Everyone loves the Golden Gate and professional engineer Allan Tilton not only shared his passion and respect for this California icon, he brought in a working model of the bridge to help illustrate basics of bridge building. Mr. Tilton is a retired Civil Engineer and Traffic Engineer as well as a teacher for Community Ed classes on the history of engineering
The basics of bridges revolve around Form, Function and Structure, as we delighted to a visual feast of the variety of bridge types that exist ( or once did !). The focus of suspension bridges ranged from the squirrely rope bridge found across canyons in rainforests to the classics such as the Brooklyn Bridge. To demonstrate the dynamics of steel- volunteers both compressed and put tension on a steel rod- the former showing some buckling and the latter showing strength in tension- hence the reason we have massive towers on suspension bridges to support the delicate steel cables and framework.
Looking at the cables themselves we learned about Catenary curves that are classic in a main suspension cables and suspenders to hold up the stiffening trusses and bridge deck. The catenary curve created by free hanging chains or cables transformed to parabolic curves under loading. This was not always the way bridges were built as we reviewed some of the failures. Interestingly enough, many in the late 1800/s were caused by the weight not only of the men ( or horses) but the fact they keep the same cadence with their walk - an act now strictly forbidden and the rough step takes place when marking across a bridge) There was even a video of a Tacoma Narrows bridge in 1940 swaying from wind gusts of 40mph that caused such devastating undulation that the bridge collapsed ( all caught on black and white video !)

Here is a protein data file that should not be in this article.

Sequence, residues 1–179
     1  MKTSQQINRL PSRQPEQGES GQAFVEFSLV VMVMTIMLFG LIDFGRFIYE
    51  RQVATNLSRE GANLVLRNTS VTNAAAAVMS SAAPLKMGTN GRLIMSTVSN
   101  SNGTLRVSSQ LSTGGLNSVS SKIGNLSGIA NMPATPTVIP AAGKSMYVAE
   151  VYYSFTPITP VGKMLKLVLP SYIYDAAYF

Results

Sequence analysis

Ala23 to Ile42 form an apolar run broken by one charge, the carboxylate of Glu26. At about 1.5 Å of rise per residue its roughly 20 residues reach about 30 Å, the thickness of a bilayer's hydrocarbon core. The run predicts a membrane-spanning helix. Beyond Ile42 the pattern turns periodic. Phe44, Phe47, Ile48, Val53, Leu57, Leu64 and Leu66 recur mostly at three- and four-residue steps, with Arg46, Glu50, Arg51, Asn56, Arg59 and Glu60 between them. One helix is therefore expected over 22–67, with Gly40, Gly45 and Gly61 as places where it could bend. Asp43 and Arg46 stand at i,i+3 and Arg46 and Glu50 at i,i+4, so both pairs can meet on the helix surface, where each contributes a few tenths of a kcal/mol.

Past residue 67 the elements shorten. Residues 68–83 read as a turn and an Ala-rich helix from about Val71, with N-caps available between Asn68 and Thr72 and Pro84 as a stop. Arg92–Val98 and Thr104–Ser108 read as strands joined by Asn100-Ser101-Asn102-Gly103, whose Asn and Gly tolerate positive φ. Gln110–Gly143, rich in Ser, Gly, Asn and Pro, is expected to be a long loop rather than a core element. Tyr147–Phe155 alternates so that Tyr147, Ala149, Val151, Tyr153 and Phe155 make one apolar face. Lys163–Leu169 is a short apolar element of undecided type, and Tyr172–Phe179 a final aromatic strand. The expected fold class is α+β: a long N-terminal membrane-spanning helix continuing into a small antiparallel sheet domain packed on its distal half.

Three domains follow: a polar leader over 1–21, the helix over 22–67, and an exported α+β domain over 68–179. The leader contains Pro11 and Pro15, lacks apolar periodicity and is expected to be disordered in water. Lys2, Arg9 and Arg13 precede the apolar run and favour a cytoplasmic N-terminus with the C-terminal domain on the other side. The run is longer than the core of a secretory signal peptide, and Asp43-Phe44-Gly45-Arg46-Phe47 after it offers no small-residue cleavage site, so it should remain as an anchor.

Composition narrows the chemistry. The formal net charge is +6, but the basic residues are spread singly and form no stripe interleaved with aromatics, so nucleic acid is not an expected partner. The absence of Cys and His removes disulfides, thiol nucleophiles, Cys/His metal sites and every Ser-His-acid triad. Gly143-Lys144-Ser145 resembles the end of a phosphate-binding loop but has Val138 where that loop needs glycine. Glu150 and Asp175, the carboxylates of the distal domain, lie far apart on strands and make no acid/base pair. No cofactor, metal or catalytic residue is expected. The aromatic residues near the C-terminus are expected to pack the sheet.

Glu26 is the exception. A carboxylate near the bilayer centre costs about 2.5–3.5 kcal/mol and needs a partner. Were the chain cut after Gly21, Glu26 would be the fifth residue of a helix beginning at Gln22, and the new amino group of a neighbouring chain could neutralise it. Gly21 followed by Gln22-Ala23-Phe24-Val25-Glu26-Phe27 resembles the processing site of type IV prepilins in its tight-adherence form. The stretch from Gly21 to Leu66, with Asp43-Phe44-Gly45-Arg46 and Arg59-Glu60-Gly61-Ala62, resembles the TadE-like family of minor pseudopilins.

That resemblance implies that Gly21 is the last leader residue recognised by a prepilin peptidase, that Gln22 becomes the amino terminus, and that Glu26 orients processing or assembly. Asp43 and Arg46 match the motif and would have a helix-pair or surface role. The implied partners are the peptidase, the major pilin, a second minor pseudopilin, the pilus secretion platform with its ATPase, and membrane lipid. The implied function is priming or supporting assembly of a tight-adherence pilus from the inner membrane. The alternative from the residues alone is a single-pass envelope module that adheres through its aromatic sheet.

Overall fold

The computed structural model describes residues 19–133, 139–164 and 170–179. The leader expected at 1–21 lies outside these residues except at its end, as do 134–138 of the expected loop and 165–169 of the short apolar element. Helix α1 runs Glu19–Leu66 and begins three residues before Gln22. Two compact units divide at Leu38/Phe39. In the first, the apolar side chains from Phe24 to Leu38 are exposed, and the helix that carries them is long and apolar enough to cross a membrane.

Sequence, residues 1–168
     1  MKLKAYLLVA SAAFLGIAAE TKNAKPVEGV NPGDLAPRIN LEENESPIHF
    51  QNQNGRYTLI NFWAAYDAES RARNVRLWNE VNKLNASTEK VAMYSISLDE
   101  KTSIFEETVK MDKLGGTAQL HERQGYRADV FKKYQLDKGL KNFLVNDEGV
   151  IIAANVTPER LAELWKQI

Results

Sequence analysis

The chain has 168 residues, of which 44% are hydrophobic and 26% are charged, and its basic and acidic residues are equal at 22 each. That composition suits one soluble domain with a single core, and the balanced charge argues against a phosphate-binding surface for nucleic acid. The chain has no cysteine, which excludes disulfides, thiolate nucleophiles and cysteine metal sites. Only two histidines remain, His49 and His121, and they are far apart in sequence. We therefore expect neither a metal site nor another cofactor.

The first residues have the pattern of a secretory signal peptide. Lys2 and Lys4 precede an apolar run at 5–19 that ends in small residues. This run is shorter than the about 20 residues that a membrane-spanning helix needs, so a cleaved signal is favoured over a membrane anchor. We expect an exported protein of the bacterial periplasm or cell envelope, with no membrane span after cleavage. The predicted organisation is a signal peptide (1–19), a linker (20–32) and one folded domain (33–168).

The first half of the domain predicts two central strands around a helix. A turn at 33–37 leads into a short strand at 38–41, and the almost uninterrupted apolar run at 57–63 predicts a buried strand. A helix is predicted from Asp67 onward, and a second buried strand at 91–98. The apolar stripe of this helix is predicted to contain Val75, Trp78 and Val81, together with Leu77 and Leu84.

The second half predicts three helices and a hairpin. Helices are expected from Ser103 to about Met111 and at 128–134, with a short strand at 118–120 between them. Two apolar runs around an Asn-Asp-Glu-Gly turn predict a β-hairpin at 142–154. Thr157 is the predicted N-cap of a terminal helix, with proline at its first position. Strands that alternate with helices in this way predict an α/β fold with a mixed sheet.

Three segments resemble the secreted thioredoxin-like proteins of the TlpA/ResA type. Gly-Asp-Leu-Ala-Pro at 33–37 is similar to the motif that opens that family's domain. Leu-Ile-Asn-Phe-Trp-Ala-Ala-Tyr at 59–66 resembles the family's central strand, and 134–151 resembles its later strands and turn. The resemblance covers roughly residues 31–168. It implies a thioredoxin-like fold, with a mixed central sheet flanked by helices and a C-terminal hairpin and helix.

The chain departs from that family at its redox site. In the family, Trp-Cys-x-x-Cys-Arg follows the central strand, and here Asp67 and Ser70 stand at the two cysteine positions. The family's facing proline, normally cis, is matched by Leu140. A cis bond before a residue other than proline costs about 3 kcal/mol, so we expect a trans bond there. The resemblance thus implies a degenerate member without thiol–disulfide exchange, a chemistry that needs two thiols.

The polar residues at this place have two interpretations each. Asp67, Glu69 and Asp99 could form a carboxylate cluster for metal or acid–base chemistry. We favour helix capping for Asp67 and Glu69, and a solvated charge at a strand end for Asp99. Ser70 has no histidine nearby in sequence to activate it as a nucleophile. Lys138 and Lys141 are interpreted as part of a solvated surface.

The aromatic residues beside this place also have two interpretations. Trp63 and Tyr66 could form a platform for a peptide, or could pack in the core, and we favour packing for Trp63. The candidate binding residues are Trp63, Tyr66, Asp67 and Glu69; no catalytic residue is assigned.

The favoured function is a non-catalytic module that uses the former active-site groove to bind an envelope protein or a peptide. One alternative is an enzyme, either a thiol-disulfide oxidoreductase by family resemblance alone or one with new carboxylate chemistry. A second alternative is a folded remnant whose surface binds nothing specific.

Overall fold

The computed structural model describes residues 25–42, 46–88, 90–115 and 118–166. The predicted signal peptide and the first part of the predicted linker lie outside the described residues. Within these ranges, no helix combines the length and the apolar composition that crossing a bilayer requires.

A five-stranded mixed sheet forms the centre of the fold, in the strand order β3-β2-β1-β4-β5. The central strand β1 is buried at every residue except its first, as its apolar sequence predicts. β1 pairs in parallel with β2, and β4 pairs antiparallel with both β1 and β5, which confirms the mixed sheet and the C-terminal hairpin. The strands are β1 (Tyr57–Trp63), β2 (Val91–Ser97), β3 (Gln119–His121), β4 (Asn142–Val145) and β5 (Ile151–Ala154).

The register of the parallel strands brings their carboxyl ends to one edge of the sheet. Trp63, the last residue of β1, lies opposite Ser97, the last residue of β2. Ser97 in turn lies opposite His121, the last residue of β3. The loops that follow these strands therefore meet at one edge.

The history of the Brooklyn Bridge was brought alive and it was clear this is one of Allan's favorite bridges. He recounted the story of the Roebling family who engineered and built the bridge over a few generations. Most impressively was Emily Roebling who at first carried messages from her ailing husband to the crew and then over the course of 12 years educated herself in mathematics and engineering such that she became the lead on the project and first over during its celebratory opening. A side note- Mr. Roebling spent much of his time below the water in the caissons designed to keep water out of the underwater construction site and suffered from nitrogen narcosis ( originally called Caissons disease) which is what confined him to his home with only the use of a telescope to monitor bridge construction. We heard other stories about the corruption of the wire suppliers who would bring quality wire to the yard for initial inspection and then switch it out at night for a cheaper rendition- realizing this too late to change- the engineers added 150 more wires inside of each cable for extra support. An important concept in bridge building is just this and named redundancy. In the Brooklyn bridge there are 4 main cables, each attached by suspenders at two different places and in each cable are 19 bundles and in each bundle are 331 steel wires- connected to bars in anchor plates that are embedded in concrete. For our Golden Gate the same basic structure is true the question of why the bridge swayed during the 50th anniversary was because all of the people were in the middle of the bridge so it was a bit lower than the ends !
As we wrapped up with more pictures of amazing bridges around the world we started to rethink the bucket list and create a bridge list- especially to France to see this Cable Stay suspension bridge ! During the after cafe we created our own suspension bridges from cards and Kinex and had great fun putting to work the idea of belts and suspenders to hold up our creations. The Pined culinary class made delicious cupcakes complete with a miniature Golden gate on top and we feasted, as they did for the opening on another classic---the American Hot Dog !